For those studying this unique branch of terrestrial life, the identification of resistance genes in the environment suggested there had to be antimicrobials out there. If this was the case, the Archaea were going to play a role. The only question they couldn't answer was the nature of this role. This past week, a team of researchers from Vanderbilt University may have provided the answer: Horizontal Gene Transfer (HGT).
Researchers took a selection of 14 foodborne pathogens and compared them based on the number of illness caused, the number of hospitalizations, the cost of illness and what's known as the cost to a person's quality of life. One by one, the pathogens demonstrated their abilities and slowly, several started to emerge from the rest of the pack, leaving a top five.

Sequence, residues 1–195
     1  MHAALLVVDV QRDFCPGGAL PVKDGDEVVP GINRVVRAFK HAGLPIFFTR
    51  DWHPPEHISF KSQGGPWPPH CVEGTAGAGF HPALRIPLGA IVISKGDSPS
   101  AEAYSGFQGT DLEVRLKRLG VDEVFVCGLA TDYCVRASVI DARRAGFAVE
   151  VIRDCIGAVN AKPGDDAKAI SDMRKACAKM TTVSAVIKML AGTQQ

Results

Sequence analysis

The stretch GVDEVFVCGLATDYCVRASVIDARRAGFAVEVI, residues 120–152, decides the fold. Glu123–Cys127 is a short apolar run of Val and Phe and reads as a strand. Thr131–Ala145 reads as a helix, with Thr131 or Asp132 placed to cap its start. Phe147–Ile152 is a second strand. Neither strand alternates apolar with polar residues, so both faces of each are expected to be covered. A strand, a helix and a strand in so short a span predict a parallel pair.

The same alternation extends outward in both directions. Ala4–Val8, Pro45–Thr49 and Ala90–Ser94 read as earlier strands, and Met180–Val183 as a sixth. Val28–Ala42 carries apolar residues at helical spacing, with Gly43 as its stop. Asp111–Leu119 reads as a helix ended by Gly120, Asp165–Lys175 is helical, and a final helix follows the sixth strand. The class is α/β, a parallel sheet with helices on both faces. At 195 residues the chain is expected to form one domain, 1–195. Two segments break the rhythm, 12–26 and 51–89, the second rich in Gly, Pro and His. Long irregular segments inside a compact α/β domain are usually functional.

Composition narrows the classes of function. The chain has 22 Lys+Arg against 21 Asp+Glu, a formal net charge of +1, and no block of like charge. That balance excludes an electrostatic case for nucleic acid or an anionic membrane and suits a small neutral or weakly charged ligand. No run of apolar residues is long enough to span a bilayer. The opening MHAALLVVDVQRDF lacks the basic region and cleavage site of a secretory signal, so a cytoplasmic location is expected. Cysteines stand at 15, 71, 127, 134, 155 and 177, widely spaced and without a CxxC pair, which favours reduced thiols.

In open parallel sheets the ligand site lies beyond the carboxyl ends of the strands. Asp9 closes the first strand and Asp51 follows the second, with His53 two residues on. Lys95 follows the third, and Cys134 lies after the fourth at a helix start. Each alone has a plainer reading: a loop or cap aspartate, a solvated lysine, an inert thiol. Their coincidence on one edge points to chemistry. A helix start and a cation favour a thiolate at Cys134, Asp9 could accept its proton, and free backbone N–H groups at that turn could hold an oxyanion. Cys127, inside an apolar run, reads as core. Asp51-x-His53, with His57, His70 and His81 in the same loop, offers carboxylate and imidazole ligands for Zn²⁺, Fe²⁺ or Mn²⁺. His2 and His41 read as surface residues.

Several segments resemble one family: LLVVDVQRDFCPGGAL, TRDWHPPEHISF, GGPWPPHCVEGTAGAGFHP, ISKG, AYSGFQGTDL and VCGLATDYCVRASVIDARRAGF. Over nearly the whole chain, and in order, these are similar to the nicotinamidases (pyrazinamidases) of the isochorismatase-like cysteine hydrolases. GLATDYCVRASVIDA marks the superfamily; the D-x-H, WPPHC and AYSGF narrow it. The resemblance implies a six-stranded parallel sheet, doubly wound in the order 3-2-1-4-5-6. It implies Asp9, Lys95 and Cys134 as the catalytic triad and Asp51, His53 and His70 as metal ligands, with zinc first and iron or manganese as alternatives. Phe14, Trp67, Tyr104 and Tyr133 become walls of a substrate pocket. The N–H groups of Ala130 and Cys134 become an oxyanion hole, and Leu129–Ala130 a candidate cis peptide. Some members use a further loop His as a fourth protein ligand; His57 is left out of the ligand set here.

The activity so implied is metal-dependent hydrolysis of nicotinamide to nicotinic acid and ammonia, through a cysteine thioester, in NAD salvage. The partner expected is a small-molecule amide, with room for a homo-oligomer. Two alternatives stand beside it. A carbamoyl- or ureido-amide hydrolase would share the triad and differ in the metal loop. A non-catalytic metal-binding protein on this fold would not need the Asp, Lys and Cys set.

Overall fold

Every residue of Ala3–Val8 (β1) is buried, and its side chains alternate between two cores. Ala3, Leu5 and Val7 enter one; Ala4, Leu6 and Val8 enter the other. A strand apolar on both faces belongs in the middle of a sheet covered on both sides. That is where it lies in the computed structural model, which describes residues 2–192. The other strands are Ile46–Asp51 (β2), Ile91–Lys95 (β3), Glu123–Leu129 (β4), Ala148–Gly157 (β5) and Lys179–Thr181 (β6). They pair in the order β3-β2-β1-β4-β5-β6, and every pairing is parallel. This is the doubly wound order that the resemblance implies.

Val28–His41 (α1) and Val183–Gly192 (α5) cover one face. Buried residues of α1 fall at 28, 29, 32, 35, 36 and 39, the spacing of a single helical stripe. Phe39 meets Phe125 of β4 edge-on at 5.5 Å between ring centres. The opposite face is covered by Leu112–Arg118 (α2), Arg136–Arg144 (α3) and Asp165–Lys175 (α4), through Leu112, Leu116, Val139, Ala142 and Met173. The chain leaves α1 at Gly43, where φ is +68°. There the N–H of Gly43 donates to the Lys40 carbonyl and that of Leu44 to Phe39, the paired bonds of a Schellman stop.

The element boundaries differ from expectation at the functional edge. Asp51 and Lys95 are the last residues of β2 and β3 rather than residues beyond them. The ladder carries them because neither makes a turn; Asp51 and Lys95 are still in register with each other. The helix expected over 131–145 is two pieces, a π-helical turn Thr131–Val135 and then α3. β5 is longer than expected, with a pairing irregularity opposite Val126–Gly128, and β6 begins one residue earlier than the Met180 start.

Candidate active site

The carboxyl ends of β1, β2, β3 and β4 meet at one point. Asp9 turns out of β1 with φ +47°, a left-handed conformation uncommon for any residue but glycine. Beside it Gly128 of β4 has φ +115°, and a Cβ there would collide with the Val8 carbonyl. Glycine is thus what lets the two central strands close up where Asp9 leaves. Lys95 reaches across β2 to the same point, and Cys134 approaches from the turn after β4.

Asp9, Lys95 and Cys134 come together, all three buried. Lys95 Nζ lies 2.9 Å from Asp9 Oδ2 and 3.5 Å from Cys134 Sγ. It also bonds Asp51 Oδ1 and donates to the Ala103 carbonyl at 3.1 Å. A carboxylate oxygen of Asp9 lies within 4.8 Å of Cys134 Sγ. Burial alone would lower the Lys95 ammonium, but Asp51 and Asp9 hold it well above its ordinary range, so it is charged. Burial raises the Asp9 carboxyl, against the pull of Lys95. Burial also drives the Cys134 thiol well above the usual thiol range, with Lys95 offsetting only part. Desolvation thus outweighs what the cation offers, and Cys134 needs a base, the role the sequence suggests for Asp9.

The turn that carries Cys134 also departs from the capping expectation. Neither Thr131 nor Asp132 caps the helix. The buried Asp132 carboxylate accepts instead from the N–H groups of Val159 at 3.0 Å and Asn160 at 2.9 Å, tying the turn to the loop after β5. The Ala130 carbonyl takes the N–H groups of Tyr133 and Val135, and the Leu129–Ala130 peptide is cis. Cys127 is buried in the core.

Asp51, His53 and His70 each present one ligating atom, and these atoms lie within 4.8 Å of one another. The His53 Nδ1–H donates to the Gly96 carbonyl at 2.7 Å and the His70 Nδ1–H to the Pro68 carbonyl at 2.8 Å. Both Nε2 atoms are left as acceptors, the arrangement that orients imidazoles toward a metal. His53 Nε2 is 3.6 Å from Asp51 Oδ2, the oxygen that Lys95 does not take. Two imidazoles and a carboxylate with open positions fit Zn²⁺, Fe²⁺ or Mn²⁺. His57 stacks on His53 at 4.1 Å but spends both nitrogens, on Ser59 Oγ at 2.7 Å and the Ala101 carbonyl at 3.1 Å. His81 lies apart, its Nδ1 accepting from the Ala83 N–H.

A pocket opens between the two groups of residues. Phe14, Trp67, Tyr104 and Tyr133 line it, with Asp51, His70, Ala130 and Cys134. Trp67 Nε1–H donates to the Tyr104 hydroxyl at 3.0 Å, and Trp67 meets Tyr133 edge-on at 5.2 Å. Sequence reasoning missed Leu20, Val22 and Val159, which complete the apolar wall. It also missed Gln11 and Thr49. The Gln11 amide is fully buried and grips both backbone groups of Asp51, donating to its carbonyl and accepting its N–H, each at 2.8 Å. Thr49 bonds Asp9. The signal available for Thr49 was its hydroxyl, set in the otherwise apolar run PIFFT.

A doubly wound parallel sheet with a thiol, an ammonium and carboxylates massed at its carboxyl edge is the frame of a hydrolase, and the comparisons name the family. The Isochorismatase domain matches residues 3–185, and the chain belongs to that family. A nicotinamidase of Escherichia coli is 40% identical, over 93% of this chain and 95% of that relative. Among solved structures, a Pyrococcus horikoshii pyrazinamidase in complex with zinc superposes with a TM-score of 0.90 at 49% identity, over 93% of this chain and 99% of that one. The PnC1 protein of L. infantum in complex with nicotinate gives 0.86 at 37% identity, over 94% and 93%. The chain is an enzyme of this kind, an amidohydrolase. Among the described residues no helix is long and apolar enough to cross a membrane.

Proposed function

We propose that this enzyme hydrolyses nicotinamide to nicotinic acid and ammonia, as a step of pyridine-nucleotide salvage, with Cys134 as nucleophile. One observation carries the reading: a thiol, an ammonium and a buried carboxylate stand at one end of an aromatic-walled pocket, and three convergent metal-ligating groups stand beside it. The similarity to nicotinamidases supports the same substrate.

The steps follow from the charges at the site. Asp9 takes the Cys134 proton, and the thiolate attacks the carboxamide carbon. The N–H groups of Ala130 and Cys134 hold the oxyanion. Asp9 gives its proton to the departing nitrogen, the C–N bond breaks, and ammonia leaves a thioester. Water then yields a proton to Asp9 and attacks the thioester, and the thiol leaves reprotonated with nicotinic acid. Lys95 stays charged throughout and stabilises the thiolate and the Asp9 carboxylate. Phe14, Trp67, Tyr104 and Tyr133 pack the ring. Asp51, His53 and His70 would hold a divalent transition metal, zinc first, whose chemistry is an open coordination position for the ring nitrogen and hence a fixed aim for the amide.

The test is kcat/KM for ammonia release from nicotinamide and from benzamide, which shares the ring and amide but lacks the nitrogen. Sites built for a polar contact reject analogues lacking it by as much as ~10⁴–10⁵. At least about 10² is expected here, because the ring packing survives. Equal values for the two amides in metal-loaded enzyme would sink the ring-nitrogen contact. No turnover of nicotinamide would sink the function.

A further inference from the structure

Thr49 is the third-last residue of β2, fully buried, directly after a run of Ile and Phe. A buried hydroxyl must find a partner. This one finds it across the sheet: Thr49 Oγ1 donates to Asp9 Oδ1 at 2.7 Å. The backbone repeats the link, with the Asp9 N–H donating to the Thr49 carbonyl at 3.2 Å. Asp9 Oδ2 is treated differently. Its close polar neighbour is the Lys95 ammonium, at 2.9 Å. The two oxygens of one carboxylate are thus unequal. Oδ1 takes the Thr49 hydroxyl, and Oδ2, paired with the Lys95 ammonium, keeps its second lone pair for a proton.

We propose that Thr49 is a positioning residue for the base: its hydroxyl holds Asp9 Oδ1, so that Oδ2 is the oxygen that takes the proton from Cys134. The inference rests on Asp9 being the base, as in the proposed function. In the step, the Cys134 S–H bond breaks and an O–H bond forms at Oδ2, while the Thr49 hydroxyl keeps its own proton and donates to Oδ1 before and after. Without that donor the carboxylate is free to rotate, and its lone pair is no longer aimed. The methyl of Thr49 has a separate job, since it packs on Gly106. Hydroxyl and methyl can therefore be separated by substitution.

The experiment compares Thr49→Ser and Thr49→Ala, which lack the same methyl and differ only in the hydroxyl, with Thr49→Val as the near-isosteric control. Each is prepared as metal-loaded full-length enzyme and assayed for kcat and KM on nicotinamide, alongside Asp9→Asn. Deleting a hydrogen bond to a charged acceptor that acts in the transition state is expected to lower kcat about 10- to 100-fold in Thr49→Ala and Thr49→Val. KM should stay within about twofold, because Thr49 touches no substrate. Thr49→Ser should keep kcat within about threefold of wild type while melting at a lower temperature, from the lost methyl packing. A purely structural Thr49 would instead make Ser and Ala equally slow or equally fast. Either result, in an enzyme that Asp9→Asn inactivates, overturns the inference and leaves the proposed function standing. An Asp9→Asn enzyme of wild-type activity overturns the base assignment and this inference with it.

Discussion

During the second mission to the moon in 1969, Apollo 12, the crew brought back a camera that had been sent some two and a half years earlier. When they returned, the camera underwent extensive testing including microbiological analysis. Much to their surprise, they found a colony of earthly bacteria; apparently the microbes had survived the inhospitable lunar environment.